A few days ago, during a nearly-to-tears moment shared over some of the best tacos in Atlanta, I grabbed a napkin and asked V if we could brainstorm some goals for our engagement and wedding planning. Specifically, I wanted to empower him to rein me in and focus me on some "big goals" in case I ever get bogged down in decision-making or become bride-zilla from all of the attention (doubtful, I hope!). Likewise, I wanted both of us to have a shared vision for what our wedding will be and accomplish, outside of just celebrating ourselves, you know? So we jotted down a few things and finished up our tacos feeling much, much better.

V offered to type it all up to help us keep these ideas front-of-mind (he's so helpful and so great!) and he sent me the finished product two nights ago. It's so beautiful! What an added bonus to marry someone who is skilled at graphic design and photoshop! haha Anyway, I thought I'd share it with you because it's really important to me that we keep a proper perspective on things. I don't want to be that girl and I think that means having to be proactive about it. So, here are our "perspective-keeping" questions and our big goals... Please hold me accountable to this, okay?

Monday, September 10, 2012

The "Working: Serving" Trap

Before I really get into this post, please take a minute to scroll down and view M's last post. Why?

Cause she's engaged!!!!!!!!!!!!!!!!!!!! Woooo! My excitement level is so high about this, and our family just loves her new fiance and we couldn't be happier for them as they plan their life together. Plus, she also posted some great pictures. So if you didn't see the post before this one, now's your chance to skip on down to the bottom of this post and view it for yourself.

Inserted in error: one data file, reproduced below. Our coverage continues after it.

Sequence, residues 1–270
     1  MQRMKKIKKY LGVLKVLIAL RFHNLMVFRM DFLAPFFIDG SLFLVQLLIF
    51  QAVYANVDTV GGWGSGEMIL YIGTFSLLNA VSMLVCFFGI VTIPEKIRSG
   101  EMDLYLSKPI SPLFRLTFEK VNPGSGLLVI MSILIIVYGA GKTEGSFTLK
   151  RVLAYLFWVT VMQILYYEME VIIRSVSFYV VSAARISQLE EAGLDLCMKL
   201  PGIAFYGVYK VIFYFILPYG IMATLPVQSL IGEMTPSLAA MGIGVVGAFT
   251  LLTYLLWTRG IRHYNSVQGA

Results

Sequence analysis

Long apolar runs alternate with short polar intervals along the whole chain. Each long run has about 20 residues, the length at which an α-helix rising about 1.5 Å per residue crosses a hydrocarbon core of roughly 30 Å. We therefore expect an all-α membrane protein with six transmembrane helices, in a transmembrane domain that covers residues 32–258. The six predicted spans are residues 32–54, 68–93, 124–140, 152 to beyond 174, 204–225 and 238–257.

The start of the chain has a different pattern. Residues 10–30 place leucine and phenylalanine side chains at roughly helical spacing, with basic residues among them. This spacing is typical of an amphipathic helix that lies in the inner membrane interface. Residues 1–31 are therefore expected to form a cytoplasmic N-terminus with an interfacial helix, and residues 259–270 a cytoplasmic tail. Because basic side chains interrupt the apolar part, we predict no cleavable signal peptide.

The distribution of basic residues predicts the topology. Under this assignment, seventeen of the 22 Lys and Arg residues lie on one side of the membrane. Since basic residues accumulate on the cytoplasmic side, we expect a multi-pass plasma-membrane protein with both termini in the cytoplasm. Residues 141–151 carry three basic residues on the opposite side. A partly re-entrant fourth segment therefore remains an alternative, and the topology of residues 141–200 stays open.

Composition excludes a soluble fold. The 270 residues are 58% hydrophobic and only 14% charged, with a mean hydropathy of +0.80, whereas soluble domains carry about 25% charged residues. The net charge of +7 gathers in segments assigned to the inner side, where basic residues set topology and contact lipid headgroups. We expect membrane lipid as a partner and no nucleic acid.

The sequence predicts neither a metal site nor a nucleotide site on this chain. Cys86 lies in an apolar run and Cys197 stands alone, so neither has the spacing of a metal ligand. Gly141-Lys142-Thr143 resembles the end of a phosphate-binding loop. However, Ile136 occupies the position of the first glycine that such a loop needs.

Alright, back to the topic at hand.

I've been feeling really convicted lately about how self-righteous I can get about working in a service profession. In fact, my last several jobs have all been in service professions-- teaching, teaching, more teaching and now I'm at a non-profit. And not just any non-profit, but one that directly serves a population that Jesus showed extreme care for and attention to: people with disabilities.

I LOVE my job. I probably love my job more than anyone else loves their jobs. I truly believe that I was made for this work and that the Lord has blessed me abundantly by allowing me to do it. This job truly represents the intersection of my gifts and passions with a huge need in our schools and communities. I love it more than I ever thought I could possibly love a job.

And yet, it's way too easy for me to jump on the "holier than thou" train because of it. Because clearly, I am "the hands and feet" out there in the field while y'all sit in your offices drinking your iced coffees and making two or three times more money than I do. Oh yeah, and being praised by society for climbing the economic ladder and adding value.

My office doesn't even have a color printer and consistently smells like the bathroom it sits next to. Woe is me.

Sometimes it feels like the trade-off for the lack of prestige or money that comes from working in a service profession is this idea (that we secretly internalize) that hey, at least we're better people. We come to believe that the Lord probably loves us more, or regards us more highly, or excuses us from our other obligations as Christians because we believe, in our own minds and hearts, that we sacrifice so much more than others in order to do His work.

Anyone else? Or just me?